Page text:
Aluminum siding can save a homeowner money. It's easy to clean, provides insulation and never requires painting.
But it could cost Lawrence property owners in five proposed historic districts thousands of dollars in forgone tax credits.
"(Siding) would be something that would pretty clearly be a violation of the standards," said Historic Resources Commission member Virgil Dean.
Welcome to life in a historic district.
The final proposals for the five districts -- two along Rhode Island Street in East Lawrence, two along Ohio Street in the Pinckney Neighborhood and one downtown -- are in and will be forwarded by Sept. 1 to the State Historic Sites Review Board.
The proposals include lists of every property in the proposed districts and their designations: historic, contributing to the character of the neighborhood or noncontributing. Those classified as historic or contributing may qualify for state tax credits for qualifying improvements.
Those labeled noncontributing or outside the districts will not be eligible for the credits. Yet, according to Dean, changing the siding on a home, changing the windows or otherwise fiddling with the exterior appearance of a building in the district or within 500 feet of the district's boundaries would trigger a review.
"It's the process we object to," said Niki Christopher, who lives just outside one of the proposed districts at 436 La. "It's like being a responsible adult and having to ask every time you go to the bathroom."
Christopher is one of the leaders of a group of neighbors opposed to the proposed historic districts in the Pinckney neighborhood. She said residents hadn't been given enough information about the process and were willing to go to court to protect their rights.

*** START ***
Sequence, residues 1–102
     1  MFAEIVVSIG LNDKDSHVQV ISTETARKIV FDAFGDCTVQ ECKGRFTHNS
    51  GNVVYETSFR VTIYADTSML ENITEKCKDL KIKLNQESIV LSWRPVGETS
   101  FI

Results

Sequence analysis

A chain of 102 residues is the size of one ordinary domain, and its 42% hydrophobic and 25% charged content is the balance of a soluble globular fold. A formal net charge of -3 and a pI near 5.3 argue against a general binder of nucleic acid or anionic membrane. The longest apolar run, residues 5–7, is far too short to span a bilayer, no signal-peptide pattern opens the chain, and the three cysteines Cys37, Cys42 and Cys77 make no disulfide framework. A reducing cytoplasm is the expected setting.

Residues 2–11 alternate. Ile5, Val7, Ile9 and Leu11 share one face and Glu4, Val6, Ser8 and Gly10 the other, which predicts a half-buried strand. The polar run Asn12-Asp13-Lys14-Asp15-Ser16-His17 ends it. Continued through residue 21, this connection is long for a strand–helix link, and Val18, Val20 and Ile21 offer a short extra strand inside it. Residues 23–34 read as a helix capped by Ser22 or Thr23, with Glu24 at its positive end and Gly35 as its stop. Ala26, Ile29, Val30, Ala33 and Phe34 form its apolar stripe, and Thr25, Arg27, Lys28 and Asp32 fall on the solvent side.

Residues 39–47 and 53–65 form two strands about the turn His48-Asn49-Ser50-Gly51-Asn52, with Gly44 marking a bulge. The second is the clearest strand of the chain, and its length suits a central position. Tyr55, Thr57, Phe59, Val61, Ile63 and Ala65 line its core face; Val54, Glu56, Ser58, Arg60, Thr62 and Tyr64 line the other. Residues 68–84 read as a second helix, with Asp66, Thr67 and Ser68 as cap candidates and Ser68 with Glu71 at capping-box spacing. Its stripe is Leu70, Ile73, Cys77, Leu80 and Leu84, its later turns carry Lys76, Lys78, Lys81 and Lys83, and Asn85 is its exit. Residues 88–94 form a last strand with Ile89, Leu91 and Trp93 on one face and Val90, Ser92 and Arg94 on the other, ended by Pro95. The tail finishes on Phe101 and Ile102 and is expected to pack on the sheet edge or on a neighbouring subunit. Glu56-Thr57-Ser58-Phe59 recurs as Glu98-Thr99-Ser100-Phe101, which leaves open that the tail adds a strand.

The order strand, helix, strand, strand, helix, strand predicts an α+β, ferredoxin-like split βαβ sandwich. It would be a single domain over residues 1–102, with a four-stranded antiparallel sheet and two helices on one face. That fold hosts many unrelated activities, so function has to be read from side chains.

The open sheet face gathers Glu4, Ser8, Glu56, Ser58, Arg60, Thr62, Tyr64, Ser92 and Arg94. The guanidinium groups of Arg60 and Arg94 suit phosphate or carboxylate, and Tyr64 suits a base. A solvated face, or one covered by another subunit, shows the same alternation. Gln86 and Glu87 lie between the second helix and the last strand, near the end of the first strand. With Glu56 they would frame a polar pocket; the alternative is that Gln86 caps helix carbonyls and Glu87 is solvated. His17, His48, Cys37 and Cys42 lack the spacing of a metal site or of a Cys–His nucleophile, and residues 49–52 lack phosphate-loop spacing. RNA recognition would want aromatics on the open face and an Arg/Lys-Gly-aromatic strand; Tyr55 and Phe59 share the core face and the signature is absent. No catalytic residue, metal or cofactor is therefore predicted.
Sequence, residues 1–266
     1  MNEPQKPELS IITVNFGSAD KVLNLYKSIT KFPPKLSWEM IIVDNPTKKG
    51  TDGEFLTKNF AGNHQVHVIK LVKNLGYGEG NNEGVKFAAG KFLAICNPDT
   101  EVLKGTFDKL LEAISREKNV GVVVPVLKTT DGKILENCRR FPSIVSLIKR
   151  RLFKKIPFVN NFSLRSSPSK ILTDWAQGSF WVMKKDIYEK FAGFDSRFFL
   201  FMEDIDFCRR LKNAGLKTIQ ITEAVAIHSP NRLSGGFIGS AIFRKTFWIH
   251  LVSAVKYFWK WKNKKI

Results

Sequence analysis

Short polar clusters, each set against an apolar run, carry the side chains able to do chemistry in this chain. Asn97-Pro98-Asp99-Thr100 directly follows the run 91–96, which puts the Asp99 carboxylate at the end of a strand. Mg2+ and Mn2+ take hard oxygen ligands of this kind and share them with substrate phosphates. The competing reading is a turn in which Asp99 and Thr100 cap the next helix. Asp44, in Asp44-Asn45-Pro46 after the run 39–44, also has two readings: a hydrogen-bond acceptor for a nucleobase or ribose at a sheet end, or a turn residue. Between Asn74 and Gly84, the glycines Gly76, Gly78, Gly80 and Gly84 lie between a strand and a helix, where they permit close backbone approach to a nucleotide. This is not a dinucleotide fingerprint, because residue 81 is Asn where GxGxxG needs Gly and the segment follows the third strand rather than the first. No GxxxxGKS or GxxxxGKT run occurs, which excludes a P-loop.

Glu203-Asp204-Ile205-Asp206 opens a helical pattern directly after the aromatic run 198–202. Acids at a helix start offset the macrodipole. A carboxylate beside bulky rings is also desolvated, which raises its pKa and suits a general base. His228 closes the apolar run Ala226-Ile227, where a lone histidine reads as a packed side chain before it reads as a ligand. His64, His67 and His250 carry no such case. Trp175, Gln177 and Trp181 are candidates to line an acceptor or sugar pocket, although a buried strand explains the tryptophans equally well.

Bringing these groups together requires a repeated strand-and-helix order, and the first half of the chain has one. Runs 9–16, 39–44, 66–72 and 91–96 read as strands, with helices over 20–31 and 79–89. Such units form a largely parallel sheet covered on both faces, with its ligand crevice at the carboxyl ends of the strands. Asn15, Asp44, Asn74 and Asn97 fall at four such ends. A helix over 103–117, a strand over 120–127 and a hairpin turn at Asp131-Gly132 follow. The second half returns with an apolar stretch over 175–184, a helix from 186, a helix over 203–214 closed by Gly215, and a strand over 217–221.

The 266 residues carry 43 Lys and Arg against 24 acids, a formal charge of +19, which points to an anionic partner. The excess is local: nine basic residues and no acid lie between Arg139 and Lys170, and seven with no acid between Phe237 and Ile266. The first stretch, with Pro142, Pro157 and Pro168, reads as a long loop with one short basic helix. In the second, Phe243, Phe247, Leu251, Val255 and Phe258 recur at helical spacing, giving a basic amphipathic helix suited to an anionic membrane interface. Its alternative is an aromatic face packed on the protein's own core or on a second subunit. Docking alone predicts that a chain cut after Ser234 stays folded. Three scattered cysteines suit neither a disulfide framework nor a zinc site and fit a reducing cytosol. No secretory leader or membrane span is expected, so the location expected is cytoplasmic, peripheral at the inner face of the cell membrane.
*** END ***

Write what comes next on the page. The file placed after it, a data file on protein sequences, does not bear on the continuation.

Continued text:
"Obviously I would be much more pleased if we could negotiate an amicable solution to this," said Christopher, an attorney. "But if they change the status of property owners in the community without giving them an opportunity to speak out ... yeah, I'd be very tempted to take it to court."
Lawrence City Commissioner Sue Hack said she hoped to head off conflict of that kind. She said the City Commission would conduct a public hearing on the proposed districts before they were up for final state approval.
"This is obviously setting off some alarms, so I think we need to have some conversation about it," Hack said.
The city is not required by law to have a public hearing, but the public will have the opportunity to make comments to the State Historic Sites Review Board.
Dean said the districts were not final until they had been approved by the state and the federal Department of the Interior.
"If enough opposition is registered, they could decide to not move them forward," Dean said.
Christopher said she would appreciate the chance to make her voice heard, but she's not optimistic.
"It's hard to stop a train once it's rolling," Christopher said.